EU to Push Online Publication of Scientific Data
With the publishers on the sidelines pleading for leniency, the European Commission is going ahead with plans to ensure that scientific data and the results of scientific research are freely available online. Funny, I didn't see any leniency on the part of publishers when users were pleading for an access system that involved reasonable pricing and less stringent DRM. Paul Meller, InfoWorld February 16, 2007 [Link] [Comment]

U Learning = Elearning + Mlearning
This is quite a good presentation (slides in PDF, ugh) describing the integration of learning resources and communications to support learning using handheld computers at Monash. There are bits that don't appear to me - like the use of Microsoft's ASP.Net to implement the service (there's that whole 'closed architecture' that characterizes mobile learning again) but the sections on technical considerations and educational considerations are basically spot-on. Via Anne Paterson. Janet Fraser, Monash February 16, 2007 [Link] [Comment]

OER Commons: Open Educational Resources
Jorge Goncalves cites from the website: "OER Commons is the first comprehensive open learning network where teachers and professors (from pre-K to graduate school) can access their colleagues' course materials, share their own, and collaborate on affecting today's classrooms. It uses Web 2.0 features (tags, ratings, comments, reviews, and social networking) to create an online experience that engages educators in sharing their best teaching and learning practices." The materials seem to be drawn mostly from universities participating in OpenCourseWare initiatives. I applaud the project, of course, but in browsing the courses found myself feeling uneasy about the skew of the courses. We need to see courses from China, Iran and India in the same space. Jorge Goncalves, Learning Online Info February 16, 2007 [Link] [Comment]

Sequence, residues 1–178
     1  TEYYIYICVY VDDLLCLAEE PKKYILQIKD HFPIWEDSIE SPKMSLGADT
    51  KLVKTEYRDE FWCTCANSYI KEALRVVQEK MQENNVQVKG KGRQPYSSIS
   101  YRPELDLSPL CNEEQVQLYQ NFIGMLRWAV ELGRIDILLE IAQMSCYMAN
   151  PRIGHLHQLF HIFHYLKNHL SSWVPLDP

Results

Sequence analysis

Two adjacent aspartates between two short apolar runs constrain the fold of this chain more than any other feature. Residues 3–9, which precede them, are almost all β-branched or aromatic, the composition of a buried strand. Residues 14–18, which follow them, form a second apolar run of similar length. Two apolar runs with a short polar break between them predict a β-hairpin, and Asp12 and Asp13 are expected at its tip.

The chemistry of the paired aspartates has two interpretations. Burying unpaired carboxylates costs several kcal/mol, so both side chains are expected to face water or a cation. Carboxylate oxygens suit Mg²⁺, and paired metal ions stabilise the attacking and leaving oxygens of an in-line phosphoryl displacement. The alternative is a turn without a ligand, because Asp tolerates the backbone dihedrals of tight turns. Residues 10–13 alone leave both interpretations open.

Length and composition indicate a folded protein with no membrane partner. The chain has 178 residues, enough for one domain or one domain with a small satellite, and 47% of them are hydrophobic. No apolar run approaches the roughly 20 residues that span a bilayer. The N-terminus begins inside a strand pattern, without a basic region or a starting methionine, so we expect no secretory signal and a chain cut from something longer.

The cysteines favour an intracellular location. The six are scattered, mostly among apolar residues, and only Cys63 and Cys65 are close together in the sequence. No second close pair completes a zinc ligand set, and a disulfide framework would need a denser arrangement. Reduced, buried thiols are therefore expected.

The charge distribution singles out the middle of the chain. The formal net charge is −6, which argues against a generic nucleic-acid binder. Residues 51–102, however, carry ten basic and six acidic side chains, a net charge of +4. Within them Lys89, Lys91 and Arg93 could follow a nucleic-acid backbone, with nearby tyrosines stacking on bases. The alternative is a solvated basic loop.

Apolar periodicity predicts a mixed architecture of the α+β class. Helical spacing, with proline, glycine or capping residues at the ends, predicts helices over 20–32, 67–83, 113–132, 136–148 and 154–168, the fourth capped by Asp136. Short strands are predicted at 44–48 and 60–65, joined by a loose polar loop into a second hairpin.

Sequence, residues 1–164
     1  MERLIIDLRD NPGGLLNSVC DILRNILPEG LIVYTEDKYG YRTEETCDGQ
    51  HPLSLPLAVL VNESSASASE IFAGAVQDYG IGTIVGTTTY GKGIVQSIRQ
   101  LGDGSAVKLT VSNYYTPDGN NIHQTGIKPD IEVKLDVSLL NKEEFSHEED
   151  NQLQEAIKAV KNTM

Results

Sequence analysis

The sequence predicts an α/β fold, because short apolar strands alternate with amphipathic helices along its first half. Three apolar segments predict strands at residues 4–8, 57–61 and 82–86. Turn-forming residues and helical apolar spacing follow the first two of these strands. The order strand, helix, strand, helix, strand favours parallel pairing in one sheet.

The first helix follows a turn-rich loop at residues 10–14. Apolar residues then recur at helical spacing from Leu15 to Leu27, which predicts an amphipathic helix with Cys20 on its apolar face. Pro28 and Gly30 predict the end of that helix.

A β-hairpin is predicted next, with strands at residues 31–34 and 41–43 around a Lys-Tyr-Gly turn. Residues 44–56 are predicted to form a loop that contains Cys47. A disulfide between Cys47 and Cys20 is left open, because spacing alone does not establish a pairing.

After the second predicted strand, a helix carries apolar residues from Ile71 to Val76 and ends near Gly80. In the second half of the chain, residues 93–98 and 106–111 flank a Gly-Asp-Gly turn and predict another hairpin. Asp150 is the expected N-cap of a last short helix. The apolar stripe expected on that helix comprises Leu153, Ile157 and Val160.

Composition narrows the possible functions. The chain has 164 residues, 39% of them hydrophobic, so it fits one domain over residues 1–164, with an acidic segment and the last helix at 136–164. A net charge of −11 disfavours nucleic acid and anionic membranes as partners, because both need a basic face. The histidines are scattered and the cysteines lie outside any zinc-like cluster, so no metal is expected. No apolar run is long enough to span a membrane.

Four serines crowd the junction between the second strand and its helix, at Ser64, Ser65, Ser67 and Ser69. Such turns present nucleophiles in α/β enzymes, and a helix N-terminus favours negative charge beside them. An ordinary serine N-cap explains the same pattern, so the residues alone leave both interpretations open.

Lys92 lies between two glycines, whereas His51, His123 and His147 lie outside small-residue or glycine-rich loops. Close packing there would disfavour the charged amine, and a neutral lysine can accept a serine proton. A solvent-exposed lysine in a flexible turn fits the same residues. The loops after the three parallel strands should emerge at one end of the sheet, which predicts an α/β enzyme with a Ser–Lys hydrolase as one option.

Wikiversity, Wikieducator Please Join and Make Wikilearner
Leigh Blackall is forced by site outage to shift his attention from Wikiversity - a Wikipedia style online learning platform - to Wikieducator, a similar project set up in December, 2006, by the Commonwealth of Learning. "Wikieducator has made fantastic progress since last I looked," he writes. "Apart for a range of great tutorials, the key players in wikieducator have been more innovative and experimental in my view. They now have a web based IRC chat facility on the main nav - which is getting closer to Teemu's vision of a VOIP supported community learning network; they support media embedding, they use funky templates to play around with navigation and content layout, and they already have some significant contributions." Well good, but I wonder about his call for the two to join forces. Sure, they my be doing the same thing, but the management styles, I suspect, are miles apart. Leigh Blackall, Learn Online February 16, 2007 [Link] [Comment]

Desktop Sidebar - Getting Rid of Desktop Widgets and Still Having It All
I pay little attention to web page widgets because I find they slow down the page and are much more interesting to the page owner than to the page user. Desktop widgets are more interesting, save that they're mostly an Apple thing and would be covered by my applications. Enter the Desktop Sidebar, which almost takes us back to the days of PointCast. I think we're close to something like a breakthrough here. Luis Suarez, ELSUA ~ A KM Blog February 16, 2007 [Link] [Comment]


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Copyright 2007 Stephen Downes